There’s a Thin Line Between Kind and Weak: Shin Kamen Rider (2023) - Reviewed


Shin Kamen Rider (2023) drops its audience directly into the action with a thrilling car chase as Kamen Rider zooms through hairpin turns on his motorcycle as SHOCKER agents chase him. After the hunt, his fists start flying as he punches the enemies to death, and they explode into a bloody crimson mist. Kamen Rider, AKA Takeshi Hongo (Sosuke Ikematsu), looks at his hands, covered in guts and viscera, and wonders, "What am I killing for?" This question ends up being the thesis for Hideaki Anno's reboot of the 1971 version of the beloved franchise. 

This is the third entry in the "Shin" series of reboots following Shin Godzilla (2016) and Shin Ultraman (2022). Out of these tokusatsu properties, Kamen Rider has always been the more abstract and experimental one, with surreal villains and an artsier style of directing. The 1971 series, especially, is heavily steeped in nightmare logic with strange asides, some of which were implemented due to a limited budget. Subsequently, this is the hardest to translate to film format as it relies on many high concepts and vibes over tight scripting. The film's first half suffers a bit from feeling disjointed, and a lot of connective tissue is missing. Fans of the series will be able to fill in these gaps, but those without that context will be left bewildered. Some of the tone switching doesn't feel organic, and the film cannot decide if it wants to go full camp or be taken seriously.

Much of the film's first act is reserved for rapid-fire exposition dumping and Anno's penchant for technobabble. Hongo's situation is quickly glossed over, and he is sent to fight SHOCKER with his emotionally cold partner Ruriko Midorikawa (Minami Hamabe). As far as Kamen Riders go, Hongo is melancholy and wracked with guilt, uncomfortable with his cyborg body and the damage it can do to others. He reluctantly dons the helmet and gear, forced into a war he didn't start, and Ikematsu does an excellent job portraying his deep sorrow.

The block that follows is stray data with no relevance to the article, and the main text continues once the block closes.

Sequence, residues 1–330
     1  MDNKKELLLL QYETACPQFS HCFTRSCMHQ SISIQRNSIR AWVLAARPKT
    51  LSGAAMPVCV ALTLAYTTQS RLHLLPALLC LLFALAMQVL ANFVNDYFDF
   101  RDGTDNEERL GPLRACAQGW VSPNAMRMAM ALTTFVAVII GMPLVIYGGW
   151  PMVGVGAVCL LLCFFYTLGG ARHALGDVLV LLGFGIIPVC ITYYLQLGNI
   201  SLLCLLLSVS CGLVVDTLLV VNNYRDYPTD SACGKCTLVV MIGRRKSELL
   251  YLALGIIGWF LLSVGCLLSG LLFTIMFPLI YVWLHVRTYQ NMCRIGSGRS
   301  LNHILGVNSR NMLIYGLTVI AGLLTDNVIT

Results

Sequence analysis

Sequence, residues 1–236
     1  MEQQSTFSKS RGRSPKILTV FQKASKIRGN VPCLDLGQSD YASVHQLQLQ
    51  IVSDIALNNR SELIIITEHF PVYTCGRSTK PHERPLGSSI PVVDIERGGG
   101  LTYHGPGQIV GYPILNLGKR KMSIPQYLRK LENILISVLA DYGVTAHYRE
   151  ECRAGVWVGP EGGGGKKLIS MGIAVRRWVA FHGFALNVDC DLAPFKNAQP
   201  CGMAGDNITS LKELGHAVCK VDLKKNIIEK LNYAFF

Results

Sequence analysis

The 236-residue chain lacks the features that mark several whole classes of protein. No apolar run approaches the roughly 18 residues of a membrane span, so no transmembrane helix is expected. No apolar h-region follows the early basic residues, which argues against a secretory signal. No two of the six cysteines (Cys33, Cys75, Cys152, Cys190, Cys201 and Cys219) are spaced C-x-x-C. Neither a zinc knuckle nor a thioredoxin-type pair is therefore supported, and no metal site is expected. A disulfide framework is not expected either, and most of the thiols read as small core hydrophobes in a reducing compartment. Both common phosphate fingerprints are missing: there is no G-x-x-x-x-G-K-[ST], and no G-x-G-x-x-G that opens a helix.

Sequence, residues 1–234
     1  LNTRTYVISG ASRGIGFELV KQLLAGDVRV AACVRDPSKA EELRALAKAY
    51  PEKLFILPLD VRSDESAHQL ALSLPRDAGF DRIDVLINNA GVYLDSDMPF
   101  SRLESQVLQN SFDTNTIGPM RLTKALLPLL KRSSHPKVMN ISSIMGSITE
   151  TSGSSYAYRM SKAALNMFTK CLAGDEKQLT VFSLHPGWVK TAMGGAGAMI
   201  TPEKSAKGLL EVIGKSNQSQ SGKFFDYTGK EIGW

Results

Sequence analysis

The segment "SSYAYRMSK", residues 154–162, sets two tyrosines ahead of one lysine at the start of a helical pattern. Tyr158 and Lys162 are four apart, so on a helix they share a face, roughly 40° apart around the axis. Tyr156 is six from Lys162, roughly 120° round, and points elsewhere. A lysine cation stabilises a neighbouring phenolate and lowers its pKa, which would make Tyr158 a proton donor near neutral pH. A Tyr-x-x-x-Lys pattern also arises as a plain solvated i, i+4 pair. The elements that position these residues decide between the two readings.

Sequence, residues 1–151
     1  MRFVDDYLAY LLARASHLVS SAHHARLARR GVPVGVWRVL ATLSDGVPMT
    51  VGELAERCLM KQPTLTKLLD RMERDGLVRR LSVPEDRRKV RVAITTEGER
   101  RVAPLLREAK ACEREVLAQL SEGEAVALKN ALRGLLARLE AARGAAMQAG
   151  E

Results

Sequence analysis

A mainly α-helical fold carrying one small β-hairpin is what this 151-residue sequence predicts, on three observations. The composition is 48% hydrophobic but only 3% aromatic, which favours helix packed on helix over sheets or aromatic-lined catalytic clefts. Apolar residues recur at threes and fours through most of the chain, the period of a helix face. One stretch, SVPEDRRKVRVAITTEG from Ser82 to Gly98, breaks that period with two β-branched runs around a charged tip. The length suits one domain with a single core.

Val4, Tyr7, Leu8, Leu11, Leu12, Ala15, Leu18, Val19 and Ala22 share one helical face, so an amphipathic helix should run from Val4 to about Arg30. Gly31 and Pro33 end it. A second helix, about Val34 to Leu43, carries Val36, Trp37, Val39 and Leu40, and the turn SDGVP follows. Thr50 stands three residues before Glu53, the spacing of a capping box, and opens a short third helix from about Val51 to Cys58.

Anno is no stranger to exploring themes of isolation and loneliness; the story shines when it focuses on these concepts. Later on, when Hayato Ichimonji (Tasuku Emoto), a second Rider, enters the fray, the audience is shown what it could be like with a balanced individual who embraces his powers instead of fearing them. These dual Riders are like two sides of the same coin, enforcing justice in their separate ways. It's fascinating that Anno took something that happened in real life outside of the show (a Kamen Rider actor getting hurt and the producers bringing in a replacement actor midway) and made it literal in the movie.

The film fares better as an homage, as it's full of fan service. The sound effects and jazzy soundtrack are perfectly emulated, and the fight scenes are choreographed just like the original series, with shaky handheld cam shots, quick zooms, and low-angle shots of people doing flips. A few breathtaking action sequences use modern techniques that skew closer to modern anime style, and as much as they don't mesh with the classic fights, they are still exhilarating to watch. The film finds its footing in the third act, breaking down the character's motivations and the entire concept of Kamen Rider. It distills it down to the costumed fighters desperately dueling to the death, not only for themselves but for all humanity.

Aesthetically, Shin Kamen Rider looks terrific, and the Rider suits have been modernized and tweaked. The most significant improvement is the monsters (called Augments in this reboot), the costume designers went all out on their makeup and costumes, and they look great. Some of the CGI effects are shaky, but that's always been the case with even the modern iterations of the franchise, and it is part of the charm.

Of the three Shin movies, Shin Kamen Rider is the least focused, but it is still entertaining and touching. Fans will likely get more out of it, and it's an enjoyable modern interpretation of the story, even with the technical problems with the script and pacing.

--Michelle Kisner